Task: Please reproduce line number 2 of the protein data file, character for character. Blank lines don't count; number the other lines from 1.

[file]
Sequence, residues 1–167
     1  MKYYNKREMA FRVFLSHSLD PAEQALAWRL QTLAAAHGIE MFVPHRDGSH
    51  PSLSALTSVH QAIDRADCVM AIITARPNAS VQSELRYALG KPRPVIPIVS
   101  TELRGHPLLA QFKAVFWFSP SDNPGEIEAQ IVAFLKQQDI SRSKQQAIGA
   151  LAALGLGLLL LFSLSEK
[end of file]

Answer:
     1  MKYYNKREMA FRVFLSHSLD PAEQALAWRL QTLAAAHGIE MFVPHRDGSH